a Bible passage

Click a verse to see commentary
Select a resource above



Paul, a servant of God and an apostle of Jesus Christ, for the sake of the faith of God’s elect and the knowledge of the truth that is in accordance with godliness, 2in the hope of eternal life that God, who never lies, promised before the ages began— 3in due time he revealed his word through the proclamation with which I have been entrusted by the command of God our Savior,

4 To Titus, my loyal child in the faith we share:

Grace and peace from God the Father and Christ Jesus our Savior.


Titus in Crete

5 I left you behind in Crete for this reason, so that you should put in order what remained to be done, and should appoint elders in every town, as I directed you: 6someone who is blameless, married only once, whose children are believers, not accused of debauchery and not rebellious. 7For a bishop, as God’s steward, must be blameless; he must not be arrogant or quick-tempered or addicted to wine or violent or greedy for gain; 8but he must be hospitable, a lover of goodness, prudent, upright, devout, and self-controlled. 9He must have a firm grasp of the word that is trustworthy in accordance with the teaching, so that he may be able both to preach with sound doctrine and to refute those who contradict it.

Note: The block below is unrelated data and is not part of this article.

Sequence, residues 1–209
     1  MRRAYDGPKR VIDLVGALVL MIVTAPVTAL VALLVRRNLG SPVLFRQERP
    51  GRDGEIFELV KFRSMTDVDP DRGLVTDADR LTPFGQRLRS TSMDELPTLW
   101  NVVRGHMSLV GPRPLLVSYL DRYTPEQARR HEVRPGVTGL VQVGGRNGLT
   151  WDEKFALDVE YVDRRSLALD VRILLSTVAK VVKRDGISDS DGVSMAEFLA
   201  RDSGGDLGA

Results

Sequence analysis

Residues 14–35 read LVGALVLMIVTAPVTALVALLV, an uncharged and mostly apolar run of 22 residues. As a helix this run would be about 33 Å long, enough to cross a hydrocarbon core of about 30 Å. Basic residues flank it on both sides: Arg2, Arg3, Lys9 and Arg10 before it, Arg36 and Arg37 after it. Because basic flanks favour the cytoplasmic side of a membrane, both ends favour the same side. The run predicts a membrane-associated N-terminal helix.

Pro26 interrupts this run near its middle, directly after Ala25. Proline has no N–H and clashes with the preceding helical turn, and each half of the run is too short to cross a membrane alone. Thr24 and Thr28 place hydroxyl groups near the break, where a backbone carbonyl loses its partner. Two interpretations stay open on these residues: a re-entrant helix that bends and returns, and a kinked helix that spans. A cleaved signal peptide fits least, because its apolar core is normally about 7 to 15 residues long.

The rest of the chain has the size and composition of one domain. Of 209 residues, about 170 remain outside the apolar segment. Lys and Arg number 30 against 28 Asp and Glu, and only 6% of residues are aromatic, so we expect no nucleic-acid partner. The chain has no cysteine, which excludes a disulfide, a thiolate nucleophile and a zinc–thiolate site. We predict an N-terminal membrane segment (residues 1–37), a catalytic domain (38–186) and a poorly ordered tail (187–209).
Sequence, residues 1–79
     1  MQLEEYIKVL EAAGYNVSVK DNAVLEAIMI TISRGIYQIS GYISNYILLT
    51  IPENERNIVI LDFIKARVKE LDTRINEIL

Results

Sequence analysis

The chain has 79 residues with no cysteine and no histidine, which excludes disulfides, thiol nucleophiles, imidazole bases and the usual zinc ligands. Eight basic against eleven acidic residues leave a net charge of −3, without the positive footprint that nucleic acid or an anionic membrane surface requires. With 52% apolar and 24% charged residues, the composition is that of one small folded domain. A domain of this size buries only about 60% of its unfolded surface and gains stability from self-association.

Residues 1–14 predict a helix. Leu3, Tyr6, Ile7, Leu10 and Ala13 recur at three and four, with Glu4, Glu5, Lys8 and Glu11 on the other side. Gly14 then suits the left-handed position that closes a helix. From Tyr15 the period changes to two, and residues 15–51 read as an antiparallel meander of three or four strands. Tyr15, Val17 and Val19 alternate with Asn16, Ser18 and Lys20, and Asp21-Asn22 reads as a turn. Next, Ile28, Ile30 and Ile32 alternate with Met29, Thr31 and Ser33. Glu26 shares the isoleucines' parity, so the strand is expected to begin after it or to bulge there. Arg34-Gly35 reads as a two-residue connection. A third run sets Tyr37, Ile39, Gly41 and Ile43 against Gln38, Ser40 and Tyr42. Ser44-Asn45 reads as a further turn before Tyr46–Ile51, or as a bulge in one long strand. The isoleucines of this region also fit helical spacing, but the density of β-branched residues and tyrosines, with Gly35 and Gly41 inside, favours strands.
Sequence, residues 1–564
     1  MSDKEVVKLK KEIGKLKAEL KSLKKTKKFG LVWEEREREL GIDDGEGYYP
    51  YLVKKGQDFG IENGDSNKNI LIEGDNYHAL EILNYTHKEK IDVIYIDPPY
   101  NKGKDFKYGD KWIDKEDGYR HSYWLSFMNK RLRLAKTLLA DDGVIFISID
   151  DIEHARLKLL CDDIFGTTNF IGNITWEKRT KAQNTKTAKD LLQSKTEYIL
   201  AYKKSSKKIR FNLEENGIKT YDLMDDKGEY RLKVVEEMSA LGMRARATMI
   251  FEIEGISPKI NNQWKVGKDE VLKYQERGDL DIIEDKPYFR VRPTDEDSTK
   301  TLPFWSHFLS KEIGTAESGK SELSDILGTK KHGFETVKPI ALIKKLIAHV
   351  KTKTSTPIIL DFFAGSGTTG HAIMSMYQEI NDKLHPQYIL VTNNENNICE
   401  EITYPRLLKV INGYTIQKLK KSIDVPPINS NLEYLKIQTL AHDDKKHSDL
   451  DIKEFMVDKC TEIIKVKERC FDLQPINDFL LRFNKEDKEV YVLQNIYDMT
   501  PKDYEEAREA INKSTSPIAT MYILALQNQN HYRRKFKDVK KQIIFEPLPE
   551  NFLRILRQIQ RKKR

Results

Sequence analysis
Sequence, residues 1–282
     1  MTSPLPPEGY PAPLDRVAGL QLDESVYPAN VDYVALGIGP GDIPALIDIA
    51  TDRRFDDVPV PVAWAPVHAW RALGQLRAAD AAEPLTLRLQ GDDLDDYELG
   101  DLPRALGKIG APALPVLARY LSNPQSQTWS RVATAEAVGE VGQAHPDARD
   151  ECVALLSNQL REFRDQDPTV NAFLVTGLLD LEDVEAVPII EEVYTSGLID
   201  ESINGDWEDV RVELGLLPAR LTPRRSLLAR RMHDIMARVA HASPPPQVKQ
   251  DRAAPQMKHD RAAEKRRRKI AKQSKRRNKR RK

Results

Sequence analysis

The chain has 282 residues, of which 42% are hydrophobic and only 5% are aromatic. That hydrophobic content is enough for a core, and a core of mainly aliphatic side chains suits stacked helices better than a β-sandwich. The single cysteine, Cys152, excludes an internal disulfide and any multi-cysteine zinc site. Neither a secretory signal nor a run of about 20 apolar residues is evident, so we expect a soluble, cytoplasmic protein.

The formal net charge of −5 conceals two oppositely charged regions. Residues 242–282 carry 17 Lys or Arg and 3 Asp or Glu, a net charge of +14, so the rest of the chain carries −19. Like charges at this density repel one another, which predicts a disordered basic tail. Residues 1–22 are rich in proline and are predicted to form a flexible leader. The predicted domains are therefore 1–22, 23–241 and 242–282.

10 There are also many rebellious people, idle talkers and deceivers, especially those of the circumcision; 11they must be silenced, since they are upsetting whole families by teaching for sordid gain what it is not right to teach. 12It was one of them, their very own prophet, who said,

“Cretans are always liars, vicious brutes, lazy gluttons.”

13 That testimony is true. For this reason rebuke them sharply, so that they may become sound in the faith, 14not paying attention to Jewish myths or to commandments of those who reject the truth. 15To the pure all things are pure, but to the corrupt and unbelieving nothing is pure. Their very minds and consciences are corrupted. 16They profess to know God, but they deny him by their actions. They are detestable, disobedient, unfit for any good work.